Your sons-in-law remember you with much affection in your direct ways. You even shared with brother-in-law that you made mistakes regarding Akka (post her return after losing husband at 28; and way things unfolded as the family grew).

To me, during my growing years, it was a crusade to show you I was as good or better than a son could be, because of your oft-uttered words about male superiority. There were times your patriarchal thinking made me feel like an outsider over your sons and families, however, when later in life you frequently wished we daughters were close by as love of daughters is unique, and you wished I was a son that stayed by you. I felt like I provided some comfort, joy and support in my small ways.

Just when there are talks of the demolition of the home that is pervaded by your presence, essence, sounds, smiles, love, warmth, welcome – I feel like I’m losing you furthermore. You were ever ready to accept when at fault, not easy for most.

Just when there are talks of the demolition of the home that is pervaded by your presence, essence, sounds, smiles, love, warmth, welcome – I feel like I’m losing you furthermore.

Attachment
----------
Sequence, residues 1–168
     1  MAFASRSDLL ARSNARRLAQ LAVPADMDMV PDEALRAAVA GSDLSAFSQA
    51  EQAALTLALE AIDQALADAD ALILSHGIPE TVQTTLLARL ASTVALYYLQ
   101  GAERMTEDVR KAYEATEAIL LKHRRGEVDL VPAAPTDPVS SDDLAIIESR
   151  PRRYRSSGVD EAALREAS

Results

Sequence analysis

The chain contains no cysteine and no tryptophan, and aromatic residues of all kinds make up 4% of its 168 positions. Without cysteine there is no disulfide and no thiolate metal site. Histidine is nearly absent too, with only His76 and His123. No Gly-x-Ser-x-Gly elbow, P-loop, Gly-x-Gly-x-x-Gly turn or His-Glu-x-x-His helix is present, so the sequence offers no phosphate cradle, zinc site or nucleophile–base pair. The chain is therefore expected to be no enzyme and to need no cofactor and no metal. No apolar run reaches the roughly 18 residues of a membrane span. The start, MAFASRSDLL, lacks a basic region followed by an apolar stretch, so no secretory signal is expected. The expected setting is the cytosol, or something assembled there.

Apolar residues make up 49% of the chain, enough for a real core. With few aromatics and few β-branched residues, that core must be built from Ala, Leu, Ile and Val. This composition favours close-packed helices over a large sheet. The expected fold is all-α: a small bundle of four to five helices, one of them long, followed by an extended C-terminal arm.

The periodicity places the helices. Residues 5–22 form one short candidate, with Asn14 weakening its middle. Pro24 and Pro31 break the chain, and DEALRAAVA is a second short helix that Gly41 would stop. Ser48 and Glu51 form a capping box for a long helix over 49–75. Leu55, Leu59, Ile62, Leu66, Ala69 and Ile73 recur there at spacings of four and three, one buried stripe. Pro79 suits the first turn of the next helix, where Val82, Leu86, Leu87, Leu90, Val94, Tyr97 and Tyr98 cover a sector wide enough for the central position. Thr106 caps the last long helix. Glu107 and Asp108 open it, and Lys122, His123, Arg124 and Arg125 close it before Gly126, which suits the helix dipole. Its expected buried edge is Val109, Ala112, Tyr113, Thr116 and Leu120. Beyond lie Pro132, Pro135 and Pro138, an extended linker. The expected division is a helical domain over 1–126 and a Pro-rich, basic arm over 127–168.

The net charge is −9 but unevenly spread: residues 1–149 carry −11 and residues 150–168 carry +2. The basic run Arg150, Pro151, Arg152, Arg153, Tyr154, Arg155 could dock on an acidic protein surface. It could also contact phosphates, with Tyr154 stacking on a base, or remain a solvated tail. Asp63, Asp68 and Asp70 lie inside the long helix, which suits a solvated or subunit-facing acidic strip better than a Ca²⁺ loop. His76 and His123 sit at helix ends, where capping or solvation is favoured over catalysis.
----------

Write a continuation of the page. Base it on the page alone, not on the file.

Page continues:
Ma still occupies the once-clinic you used post-retirement to jest with patients and prescribe least meds but make them happy with words and simple solutions. Many became your fan club members, a few thought you would not prescribe meds so did not come to you.

Ma misses you the most, who led a life being extremely engrossed in housework, grandkids and kids, now with everyone busy with life, she needs your companionship being mostly home bound. You practiced “never go to bed angry” and were first to apologise, no matter who was wrong.

Eleven years later hawkers, maids, trash remover, sweeper, milk guy, neighbourhood elders – the next two generations remember you. It is amazing that your charismatic warmth is still lingering amongst your family members, grandkids, children, relatives (that sought your company, advise, counsel, treatments) and community of neighbours too.

All of 87 tomorrow, gone for eleven plus years but strong as ever in memories of many. Thank you for you, Happy 87th Birthday Darling Papa!

©Rupa Rao

Photos by the author